Wellness and Preventative Care
Keeping your pet healthy
As owners, we are advocates for our pet’s health. We want our 4-legged (sometimes 3) family members to feel well and enjoy life as part of our family. With advancements in diagnostics, pet nutrition, medical management of diseases and an overall better understanding of annual wellness and preventative care, we are seeing the results in our furry family members living longer, happier, and healthier lives!
An annual wellness exam, or bi-annual exam for senior pets, allows our veterinarians to examine your pet and assess their general health and potential risk of illness or disease. Medical treatment plans can then be developed based on your pet’s individual wellness needs, including vaccination schedules, heartworm disease, parasite control, dental health, proper nutrition, flea & tick preventatives, or any other items that may have you concerned.
What are we looking for?
When the veterinarian does the physical examination, they will start at your pet’s head and work their way back to the tail.
- Are they clear, without discharge, and free of cataracts or any signs of glaucoma?
- Are the ears clean, waxy, or debris filled? Are there signs of infection, parasites, or allergies?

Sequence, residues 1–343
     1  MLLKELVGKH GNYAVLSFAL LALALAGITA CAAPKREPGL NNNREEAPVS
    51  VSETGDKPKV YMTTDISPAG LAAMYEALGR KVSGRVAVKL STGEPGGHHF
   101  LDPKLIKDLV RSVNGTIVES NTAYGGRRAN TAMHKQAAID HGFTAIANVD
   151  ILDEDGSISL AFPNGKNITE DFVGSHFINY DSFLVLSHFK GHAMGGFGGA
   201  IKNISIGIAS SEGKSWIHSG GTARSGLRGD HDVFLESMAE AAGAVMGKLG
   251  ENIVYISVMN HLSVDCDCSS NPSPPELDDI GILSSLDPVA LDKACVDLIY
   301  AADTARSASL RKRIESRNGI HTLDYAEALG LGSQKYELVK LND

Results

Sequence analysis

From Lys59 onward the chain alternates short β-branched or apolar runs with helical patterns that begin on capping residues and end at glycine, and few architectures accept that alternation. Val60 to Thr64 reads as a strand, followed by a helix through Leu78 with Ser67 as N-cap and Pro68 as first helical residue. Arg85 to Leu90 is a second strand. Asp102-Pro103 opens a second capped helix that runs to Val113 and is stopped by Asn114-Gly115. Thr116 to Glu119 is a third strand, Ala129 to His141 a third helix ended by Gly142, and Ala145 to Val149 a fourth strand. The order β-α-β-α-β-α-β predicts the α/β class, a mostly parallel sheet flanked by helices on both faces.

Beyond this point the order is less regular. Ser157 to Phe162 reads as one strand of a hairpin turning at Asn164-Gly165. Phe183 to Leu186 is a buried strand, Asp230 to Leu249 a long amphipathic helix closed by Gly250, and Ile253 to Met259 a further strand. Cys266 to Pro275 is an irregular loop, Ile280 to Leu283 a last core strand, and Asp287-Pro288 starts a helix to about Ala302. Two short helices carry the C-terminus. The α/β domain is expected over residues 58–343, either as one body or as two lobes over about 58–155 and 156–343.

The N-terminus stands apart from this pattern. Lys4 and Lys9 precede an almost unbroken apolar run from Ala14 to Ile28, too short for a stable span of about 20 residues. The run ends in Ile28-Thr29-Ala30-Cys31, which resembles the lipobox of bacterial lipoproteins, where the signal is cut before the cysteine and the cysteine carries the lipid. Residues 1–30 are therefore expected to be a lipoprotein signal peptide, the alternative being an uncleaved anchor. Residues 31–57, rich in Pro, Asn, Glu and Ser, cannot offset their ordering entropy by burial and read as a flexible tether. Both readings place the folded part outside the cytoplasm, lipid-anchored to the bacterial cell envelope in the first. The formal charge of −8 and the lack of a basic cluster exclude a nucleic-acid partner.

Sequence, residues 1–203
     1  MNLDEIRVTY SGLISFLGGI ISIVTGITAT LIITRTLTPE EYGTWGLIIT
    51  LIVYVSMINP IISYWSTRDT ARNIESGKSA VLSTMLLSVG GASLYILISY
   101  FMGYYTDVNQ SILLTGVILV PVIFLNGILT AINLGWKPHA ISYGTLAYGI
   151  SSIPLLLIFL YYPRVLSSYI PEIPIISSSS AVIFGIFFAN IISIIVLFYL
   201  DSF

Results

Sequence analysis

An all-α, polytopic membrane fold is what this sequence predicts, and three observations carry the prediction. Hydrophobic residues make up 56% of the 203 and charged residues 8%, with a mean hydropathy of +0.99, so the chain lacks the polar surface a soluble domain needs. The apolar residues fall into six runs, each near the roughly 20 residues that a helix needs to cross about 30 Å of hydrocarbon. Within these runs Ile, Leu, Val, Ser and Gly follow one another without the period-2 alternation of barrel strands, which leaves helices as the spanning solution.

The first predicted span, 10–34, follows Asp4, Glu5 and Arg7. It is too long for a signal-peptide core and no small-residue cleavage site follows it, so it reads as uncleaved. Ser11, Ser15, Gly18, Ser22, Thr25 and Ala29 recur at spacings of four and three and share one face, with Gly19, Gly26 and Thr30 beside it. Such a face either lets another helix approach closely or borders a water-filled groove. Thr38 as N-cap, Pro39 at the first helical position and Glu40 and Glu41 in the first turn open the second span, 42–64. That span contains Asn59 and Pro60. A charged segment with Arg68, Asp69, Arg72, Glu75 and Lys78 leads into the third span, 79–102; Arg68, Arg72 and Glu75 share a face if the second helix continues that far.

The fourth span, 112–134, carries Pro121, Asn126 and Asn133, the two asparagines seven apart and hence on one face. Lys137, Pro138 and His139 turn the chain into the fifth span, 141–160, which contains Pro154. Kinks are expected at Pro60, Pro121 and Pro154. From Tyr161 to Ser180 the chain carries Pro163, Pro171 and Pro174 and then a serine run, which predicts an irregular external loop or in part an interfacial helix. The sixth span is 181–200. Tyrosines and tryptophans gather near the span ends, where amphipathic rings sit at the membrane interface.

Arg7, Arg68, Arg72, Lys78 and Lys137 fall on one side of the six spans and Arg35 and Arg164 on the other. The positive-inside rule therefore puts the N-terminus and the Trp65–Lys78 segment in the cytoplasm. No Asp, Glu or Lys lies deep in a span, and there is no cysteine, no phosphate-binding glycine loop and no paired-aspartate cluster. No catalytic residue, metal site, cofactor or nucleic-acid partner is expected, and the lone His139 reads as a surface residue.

- Are there any broken teeth? Is there any tartar build-up or evidence of periodontal disease?
- Are lymph nodes and thyroid gland of normal size?
As they move away from the head, the veterinarian will listen to your pet’s heart to ensure that it is beating normally. This allows us to identify any abnormalities such as a heart murmur. We will also listen to the lungs, palpate the abdomen, and feel the characteristics of your pet’s internal organs.
Is the veterinarian petting your pet? If so, they are evaluating the condition of your pet’s skin and coat. Is it dry, flaky, or oily? Is there evidence of flea dirt (flea poop) or any attached ticks? They are also looking for any lumps, bumps (benign or cancerous) or warts that may have developed and need to be addressed.
You may or may not notice that your veterinarian is also watching the way that your pet moves about and interacts with people in the room. They are evaluating your pet’s gait (the way they walk) for any signs of joint stiffness or mobility distress. They are also looking for any potential neurological concerns such as disc disease. Lastly, your pet’s hind end will be examined to look for any evidence of parasites or anal gland concerns.
Preventative care is a big part of what keeps your pet healthy. Often, addressing a problem early can decrease the cost and increase the likelihood of success than if the condition worsens. While each pet and case are different, there are many standards of care by which we operate and make our recommendations.
Want to learn more?
Do you consider yourself part of your pet’s medical team? If not, you should! While annual exams by our veterinarians are your pet’s best defense in keeping them healthy, they need your help as well. Check out what is on your “to-do list” using the button below!